Io Saturnalia!

We are in the middle of the Saturnalia, an ancient festivity that was celebrated the 17th of December. (Later they celebrated it 19. 12. until the 23.12. to embed both the old and the new date – after the Julian calendar reform, which added ten days to the year.)

In the temple of Saturn in Rome the god got a generous offering, and then the feet of the Saturn statue, which was bound by wool, were liberated for the time of the holiday. Then an official banquet followed. It was a holiday for everybody, an official “no business” day, no work, no school – and it was a time of turning around the structures of power in society. Slaves and masters changed their roles. It was an ecstatic holiday with lots of wine and excessive festivities, remembering the happy times of the Golden Age, free of restriction, enjoying overflowing happiness. The 19.12., the day of “Sigillaria”, the people gave each other little gifts.

The pre-Julian year had only 355 days. Julius Caesar added 10 days, so the Julian Calender, beginning 46 BC, had 365 days, with a leap day every three years. It is difficult to convert pre-Julian dates into Julian dates, so our 17.12. is , almost for sure,  a different day than the 17.12. of the pre-Julian calendar, even without considering the Gregorian calendar. (After my little research I am pretty confused now, please correct me, when I got something wrong…)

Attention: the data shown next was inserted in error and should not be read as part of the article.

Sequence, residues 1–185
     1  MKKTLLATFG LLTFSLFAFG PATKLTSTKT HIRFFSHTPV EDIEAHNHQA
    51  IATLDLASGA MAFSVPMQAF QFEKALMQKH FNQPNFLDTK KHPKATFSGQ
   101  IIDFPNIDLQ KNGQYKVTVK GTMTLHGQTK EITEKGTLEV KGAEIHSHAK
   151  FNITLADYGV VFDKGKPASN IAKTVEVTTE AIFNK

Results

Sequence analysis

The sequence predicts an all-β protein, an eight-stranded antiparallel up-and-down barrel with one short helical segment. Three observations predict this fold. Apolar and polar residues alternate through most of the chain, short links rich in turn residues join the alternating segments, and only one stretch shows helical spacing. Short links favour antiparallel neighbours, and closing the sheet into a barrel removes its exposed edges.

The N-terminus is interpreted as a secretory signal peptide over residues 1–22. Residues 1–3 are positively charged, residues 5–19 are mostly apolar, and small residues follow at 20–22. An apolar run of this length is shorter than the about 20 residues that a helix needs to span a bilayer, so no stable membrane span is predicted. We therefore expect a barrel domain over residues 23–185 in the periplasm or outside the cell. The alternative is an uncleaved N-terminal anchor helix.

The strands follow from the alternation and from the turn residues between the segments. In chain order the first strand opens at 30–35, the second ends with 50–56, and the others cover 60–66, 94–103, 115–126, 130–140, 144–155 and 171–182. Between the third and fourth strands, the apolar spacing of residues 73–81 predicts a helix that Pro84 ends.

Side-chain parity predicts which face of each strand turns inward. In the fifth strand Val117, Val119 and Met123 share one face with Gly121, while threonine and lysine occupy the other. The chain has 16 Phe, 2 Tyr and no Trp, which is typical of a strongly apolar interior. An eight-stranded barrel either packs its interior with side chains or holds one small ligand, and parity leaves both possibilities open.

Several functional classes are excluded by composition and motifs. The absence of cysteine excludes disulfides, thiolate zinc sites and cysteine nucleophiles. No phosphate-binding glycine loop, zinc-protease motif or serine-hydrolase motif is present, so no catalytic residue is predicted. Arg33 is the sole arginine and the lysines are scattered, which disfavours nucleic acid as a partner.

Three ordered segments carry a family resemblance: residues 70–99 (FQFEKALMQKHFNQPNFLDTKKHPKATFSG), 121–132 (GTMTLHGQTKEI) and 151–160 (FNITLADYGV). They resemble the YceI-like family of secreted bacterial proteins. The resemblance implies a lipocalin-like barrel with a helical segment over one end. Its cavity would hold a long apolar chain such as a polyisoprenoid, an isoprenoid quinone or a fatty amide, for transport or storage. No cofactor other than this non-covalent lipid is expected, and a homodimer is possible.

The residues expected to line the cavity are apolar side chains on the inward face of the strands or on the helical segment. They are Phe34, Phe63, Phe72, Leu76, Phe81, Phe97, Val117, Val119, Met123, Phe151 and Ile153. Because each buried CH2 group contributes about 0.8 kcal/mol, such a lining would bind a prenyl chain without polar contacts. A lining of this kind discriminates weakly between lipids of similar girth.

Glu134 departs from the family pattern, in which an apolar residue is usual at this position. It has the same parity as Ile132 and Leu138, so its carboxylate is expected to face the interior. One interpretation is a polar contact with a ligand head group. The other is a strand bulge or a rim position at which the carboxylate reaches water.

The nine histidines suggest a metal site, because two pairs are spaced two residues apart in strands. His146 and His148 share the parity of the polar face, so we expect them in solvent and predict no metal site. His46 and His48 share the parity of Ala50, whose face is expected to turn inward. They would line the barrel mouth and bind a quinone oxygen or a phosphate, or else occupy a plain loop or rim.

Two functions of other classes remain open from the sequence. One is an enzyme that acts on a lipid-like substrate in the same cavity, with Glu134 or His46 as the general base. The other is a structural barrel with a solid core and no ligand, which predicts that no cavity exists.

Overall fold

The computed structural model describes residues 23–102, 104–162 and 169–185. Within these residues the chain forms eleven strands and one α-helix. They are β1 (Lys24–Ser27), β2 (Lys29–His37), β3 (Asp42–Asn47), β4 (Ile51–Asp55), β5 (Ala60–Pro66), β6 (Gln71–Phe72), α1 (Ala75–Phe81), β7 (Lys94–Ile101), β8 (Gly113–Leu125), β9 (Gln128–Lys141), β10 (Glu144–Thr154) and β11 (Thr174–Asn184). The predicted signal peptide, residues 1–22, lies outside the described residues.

When we assume for now that the 17.12. (our calendar) marks the beginning of Saturnalia, and the 23.12. marks the end, we have a beautiful coincidence: the 24.12.2014 Saturn moves from Scorpio into Sagittarius. The 21.12.2014 we have the winter solstice falling together with a New Moon.

Saturn is the lord of time, ecstatic when unbound, the antique giver of wealth, the god of the Golden age, of paradise on earth.

He is the lord of agriculture, an earth god.

He is the lord of time.

He gives so much.

Why not offering him, acknowledging him for the wealth he have, asking him for wisdom to acquire? Why not thanking him for the understanding of our depths he brought us while he moved through Scorpio?

We get an idea here, after my little exploration of antique calendars, that time is a changing concept and not the given structure we are used to.

But between now and then, between the time when the Romans celebrated Saturnalia and when we will celebrate Christmas, we can remember that the source of many of these festivities in late December is the same: the birth of light.

Lets celebrate the longest night of the year.

And welcome the return of the sun.

Io Saturnalia!

 

 

 

 

 

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2 comments

  1. Thank you for this erudite and entertaining post. And Happy Saturnalia to you!

    Like

    1. Happy Saturnalia to you! :)

      Like

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